Have you thought about travelling the Silk Road, the legendary network of overland routes from the Mediterranean to eastern China?
You should, and there is no better guide than Marco Polo, the venetian who was the first westerner to do this journey describing what he saw. When Marco travelled from Venice to Beijing 700 years ago it was like going to the dark side of the moon.
Spellbound by Marco Polos book and its mysteries I followed in his steps some years ago. Who were the strange Assassins sect he writes about, or those worshipping an eternal fire in present Iran? What roads did Marco actually take and could they be travelled again? How could he even do this trip in medieval times without modern equipment? The Mongols, occupying most of Asia, were seen as the legions from hell by Christian Europe, so how did Marco dare to engage with them?
The Silk Road
The so-called Silk Road is a network of roads rather than a single route, leading from eastern China over land to the Mediterranian sea in the west. By Marco Polos time they had been travelled by traders and caravans for more than a thousand years already, but very few people travelled all the way. Trade was mostly done back and forth over parts of the network of routes and between great cities such as the silk centres of China and Kashgar, Bokhara, Samarkand, Balkh, Herat, Merv, Tabriz, Bhagdad and Istanbul. The historical importance of these routes is immense. Empires thrived controlling them and fell to armies following them.
Going all the way today you might want to start in Istanbul and end up in Beijing, like I did, going through Turkey, Iran and then either Afghanistan and Pakistan or through the central Asian former Soviet republics and finally across China. It’s a 4 000 miles / 7000 km journey as the crow flies, much longer on the ground.
A tricky route
The “oveland trip” from Europe to India was popular during the 1960s and 70s and more or less for anyone though mostly attracting young people, many of which were “hippies” in search of alternative lifeways and seduced by Asian religions or philosophies. The hippie trail eastwards came to an abrupt end though, precisely in 1979 and due to political upheavels. The soviets invaded Afghanistan this year and a religious movement dethroned the Shah of Iran, creating an Islamic republic.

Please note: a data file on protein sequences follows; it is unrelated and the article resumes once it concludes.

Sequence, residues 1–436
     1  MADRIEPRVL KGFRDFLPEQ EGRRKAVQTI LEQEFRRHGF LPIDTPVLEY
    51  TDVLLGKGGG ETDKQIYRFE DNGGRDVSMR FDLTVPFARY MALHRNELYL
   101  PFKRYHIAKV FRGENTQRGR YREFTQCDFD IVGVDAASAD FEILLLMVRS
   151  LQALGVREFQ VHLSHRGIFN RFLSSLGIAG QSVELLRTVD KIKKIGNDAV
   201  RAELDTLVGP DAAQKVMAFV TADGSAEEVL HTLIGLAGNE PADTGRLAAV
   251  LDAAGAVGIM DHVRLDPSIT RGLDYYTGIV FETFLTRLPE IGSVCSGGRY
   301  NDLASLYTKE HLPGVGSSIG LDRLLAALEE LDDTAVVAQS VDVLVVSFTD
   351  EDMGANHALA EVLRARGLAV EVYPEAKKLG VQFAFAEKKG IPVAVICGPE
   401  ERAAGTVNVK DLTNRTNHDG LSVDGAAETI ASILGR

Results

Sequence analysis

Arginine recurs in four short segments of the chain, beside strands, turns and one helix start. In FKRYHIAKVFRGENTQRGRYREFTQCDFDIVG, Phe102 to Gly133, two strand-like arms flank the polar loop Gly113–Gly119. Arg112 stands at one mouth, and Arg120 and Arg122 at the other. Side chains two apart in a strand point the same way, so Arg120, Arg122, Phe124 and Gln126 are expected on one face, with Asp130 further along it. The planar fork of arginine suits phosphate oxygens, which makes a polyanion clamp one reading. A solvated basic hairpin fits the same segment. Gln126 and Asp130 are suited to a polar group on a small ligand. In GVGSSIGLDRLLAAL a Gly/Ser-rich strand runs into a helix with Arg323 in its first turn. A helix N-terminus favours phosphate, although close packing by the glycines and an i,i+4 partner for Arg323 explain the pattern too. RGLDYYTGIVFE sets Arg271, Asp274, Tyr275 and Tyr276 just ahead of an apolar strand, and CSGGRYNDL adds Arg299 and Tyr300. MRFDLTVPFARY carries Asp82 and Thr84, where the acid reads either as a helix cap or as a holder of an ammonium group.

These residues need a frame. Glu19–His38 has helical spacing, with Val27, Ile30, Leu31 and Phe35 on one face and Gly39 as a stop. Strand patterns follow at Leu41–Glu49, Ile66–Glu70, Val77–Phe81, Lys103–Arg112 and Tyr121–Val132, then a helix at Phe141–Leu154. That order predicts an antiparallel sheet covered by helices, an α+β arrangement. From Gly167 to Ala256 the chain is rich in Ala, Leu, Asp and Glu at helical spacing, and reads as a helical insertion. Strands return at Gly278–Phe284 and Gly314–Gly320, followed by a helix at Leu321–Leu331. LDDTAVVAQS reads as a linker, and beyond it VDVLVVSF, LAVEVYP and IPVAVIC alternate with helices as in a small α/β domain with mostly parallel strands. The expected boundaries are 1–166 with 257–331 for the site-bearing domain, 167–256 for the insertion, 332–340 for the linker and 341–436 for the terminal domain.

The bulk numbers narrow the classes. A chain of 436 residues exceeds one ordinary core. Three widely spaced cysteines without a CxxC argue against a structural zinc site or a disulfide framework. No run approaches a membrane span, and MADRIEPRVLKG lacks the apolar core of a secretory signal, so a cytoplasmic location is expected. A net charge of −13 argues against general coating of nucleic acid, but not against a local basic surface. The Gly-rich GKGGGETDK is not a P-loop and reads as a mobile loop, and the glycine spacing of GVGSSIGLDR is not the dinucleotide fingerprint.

Since then there have been wars in Afghanistan and from time to time impossible to pass through Iran. Travelling the Silk Road today is tricky for the long and arduous road itself. You are, after all, journeying a considerable part of the globe and having to handle the bureacracy of the many countries you will have to pass is a trick in itself.
In a way, Marco Polo had it easier. The Mongols may have been feared by the Christian leaders of Europe, but for smooth traders like Marco and his elder venetian relatives they were no difficulty. The same Mongol empire ruling most of the Silk Road area rather made things easier once the Polos had befriended the great khan. The Polo family even acted as ambassadors for the khan of the Mongols to the Pope, and vice versa, representing the Pope at the court of the khan.
Following Marco Polo
The curious thing about Marco Polo and his book are its many riddles which have kept historians and adventurers going for a long time. Marco recorded his route and his impressions of countries and cities, but he also recorded the many stories and legends told to him along the way. I had the opportunity to investigate some of them, which I will return to.
I followed Marco Polos Silk Road route through Turkey, visiting the lost city of Ayas, spent three weeks tracing his roads in Iran which turned out a very hospitable country to me and where I managed to see Shiraz, Persepolis and the holy city of Meshed. In Afghanistan I stayed with a mujahedin guerilla fraction in Herat before flying to Pakistan and going by the ruff Karakorum highway across the Himalayas to Kashgar in the Taklamakan desert area of western China. I visited the famous Dunhuang caves by the desert and rode steam trains through northern China to Beijing.